Hill Running: The Secret To Injury Prevention?

Running has one of the highest injury rates of any sport. Why? Because it involves repetitive loading of the same joints, tendons and muscles. This type of loading leads to overuse injuries including shin splints, achilles tendon pain, “runner’s knee” and ITBS. However, one of the best training strategies is hill running!

Hill running is a staple of many elite runners training programs, from 5,000m runners to ultra-marathoners. Training on hills has multiple advantages to training on the flat. We’ll talk about these advantages and give examples of hill running workout sessions below.

Hill running increases strength

Most runners know that strength training isn’t just for the gym junkies. However, most runners would rather be out on the trails than stuck inside the gym. Fortunately, running uphill can provide a significant strength stimulus for your quadriceps, gluteals and calves, one that doesn’t require heading tot he gym.( Note: We still recommend heavy weight training in combination with hill running)

Running up hills reduces injury risk

Although hill running is not a panacea for all running injuries, it can help reduce injury risk when done regularly. The improvements in strength from hill running help reduce risk of injury (see strength training for runners article). Hill running also reduces load on your joints compared to running on the flat. This reduced joint load reduces risk of overuse injuries.

Uphill running workouts

Uphill running workouts come in many shapes and sizes. The specific workout that is best for you depends on you current abilities, training program, physiological aim of the session as well as your own preferences.

Uphill running sessions can be anywhere from uphill sprint intervals to long steep uphill hikes with a weighted vest. We will explore a few examples of uphill running sessions you can include in your

Uphill Running Workout #1: The Sprinter

The aim of hill sprints is to improve neuromuscular control and to increase power of glutes, quads and calf muscles. these should be done on steeper inclines.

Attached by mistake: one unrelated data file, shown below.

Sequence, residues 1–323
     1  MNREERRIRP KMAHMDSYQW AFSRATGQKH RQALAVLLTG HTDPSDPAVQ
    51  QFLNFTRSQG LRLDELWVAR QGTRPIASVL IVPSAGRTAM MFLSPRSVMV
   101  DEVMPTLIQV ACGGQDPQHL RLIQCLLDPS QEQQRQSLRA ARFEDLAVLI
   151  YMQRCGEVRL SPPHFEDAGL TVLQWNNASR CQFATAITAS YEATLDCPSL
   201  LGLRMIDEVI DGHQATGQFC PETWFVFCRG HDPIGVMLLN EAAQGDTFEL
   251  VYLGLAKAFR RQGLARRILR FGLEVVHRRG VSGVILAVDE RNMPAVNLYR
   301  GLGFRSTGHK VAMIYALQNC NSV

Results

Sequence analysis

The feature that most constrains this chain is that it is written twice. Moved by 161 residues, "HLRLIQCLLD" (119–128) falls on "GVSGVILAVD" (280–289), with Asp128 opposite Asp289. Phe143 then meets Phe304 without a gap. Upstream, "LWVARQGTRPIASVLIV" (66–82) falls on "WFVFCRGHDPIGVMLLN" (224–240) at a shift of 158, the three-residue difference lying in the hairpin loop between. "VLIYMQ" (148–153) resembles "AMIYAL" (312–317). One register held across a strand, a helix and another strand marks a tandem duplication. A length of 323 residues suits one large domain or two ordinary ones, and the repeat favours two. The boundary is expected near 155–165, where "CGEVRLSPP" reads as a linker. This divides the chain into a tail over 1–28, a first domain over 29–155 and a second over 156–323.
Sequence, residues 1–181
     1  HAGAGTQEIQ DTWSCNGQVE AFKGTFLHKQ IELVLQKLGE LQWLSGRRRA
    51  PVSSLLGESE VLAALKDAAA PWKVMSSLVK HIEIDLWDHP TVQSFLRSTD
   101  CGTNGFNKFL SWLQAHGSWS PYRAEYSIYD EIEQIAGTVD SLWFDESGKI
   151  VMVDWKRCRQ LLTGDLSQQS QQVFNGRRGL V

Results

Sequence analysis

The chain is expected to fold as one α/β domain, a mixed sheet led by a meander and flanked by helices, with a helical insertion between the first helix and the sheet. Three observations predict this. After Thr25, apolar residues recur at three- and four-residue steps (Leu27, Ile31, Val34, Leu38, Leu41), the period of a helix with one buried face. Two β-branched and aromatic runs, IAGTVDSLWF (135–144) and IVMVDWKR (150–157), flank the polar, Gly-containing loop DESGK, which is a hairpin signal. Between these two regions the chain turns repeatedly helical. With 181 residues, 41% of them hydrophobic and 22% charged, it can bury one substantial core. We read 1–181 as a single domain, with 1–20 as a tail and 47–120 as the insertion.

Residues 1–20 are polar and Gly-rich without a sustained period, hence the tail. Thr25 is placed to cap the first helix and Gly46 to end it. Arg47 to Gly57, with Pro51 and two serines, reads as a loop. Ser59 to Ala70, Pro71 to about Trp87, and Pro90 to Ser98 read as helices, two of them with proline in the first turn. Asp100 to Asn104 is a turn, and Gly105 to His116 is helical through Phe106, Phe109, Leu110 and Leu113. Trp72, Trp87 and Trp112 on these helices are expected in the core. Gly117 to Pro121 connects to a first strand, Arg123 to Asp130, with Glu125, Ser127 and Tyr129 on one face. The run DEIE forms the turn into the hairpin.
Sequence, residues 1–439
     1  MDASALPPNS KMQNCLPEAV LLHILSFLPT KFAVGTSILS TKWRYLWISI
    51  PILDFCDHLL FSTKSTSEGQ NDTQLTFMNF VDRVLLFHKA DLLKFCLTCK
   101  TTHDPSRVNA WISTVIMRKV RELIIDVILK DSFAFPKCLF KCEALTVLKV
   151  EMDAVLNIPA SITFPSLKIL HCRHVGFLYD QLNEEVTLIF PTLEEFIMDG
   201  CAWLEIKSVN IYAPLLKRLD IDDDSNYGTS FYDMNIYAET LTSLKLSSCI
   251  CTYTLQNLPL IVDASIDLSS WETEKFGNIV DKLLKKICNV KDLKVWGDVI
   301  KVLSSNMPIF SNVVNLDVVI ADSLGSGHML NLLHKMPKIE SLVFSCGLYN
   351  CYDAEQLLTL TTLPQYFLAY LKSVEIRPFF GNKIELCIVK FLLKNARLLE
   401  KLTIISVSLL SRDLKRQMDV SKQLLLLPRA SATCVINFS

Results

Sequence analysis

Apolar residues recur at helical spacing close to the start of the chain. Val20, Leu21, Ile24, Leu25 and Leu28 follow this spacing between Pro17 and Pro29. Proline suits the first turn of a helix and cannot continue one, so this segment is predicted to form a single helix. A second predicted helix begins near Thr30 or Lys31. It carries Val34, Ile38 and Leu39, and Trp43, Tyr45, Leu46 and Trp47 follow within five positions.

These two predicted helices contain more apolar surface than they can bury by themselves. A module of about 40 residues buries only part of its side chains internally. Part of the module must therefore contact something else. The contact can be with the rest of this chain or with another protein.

• Warm up: 10 minute jog at conversational pace
  • 10 x 30s all out hill sprints with 2- 3 minutes rest jog at slower than marathon pace between reps.
  • Cool down: 10 minute jog at conversational pace

Uphill Workout #2: The Grinder

The uphill grinder involves longer intervals. These intervals help improve lactate threshold and general aerobic fitness. These are a good precursor to flat ground interval as they help build strength and aerobic fitness without the risk of overload related injuries seen in flat ground interval.

  • Warm up: 5 minute jog at conversational pace
  • 5-8 x 3-4 minute uphill jogs at a “comfortably hard” pace with rest breaks during the downhill jog.
  • Cool down: 5 minute jog at conversational pace

Uphill Workout #3: The Weight Junkie

This type of uphill workout requires a weighted vest or a pack with weights inside. This hill workout is perfect for those training for trail races and ultra marathons with lots of vertical incline. The aim of these is to improve strength endurance as well as pure lower limb strength.

This workout involves quick uphill hiking. Either in one single push for those who live near a descent mountain, or in hill repeats without rest breaks for those without a mountain nearby. Aim to increase the carrying weight and overall time of the workout as you progress. We recommend quick hiking rather than running, as running with a weight vest can increase joint loads dramatically.

Downhill Running

With every up, there is a down. Check out our article on how specifically training downhill running is essential for all trail and ultra-marathon runners.

References

Hamner, S. R., & Delp, S. L. (2013). Muscle contributions to fore-aft and vertical body mass center accelerations over a range of running speeds. Journal of biomechanics46(4), 780-787.

Related posts

Couch To 10k: A Running Program for Beginners

Strength Training for Runners

Are Running Watches Accurate Predictors of VO2 Max and Race Times?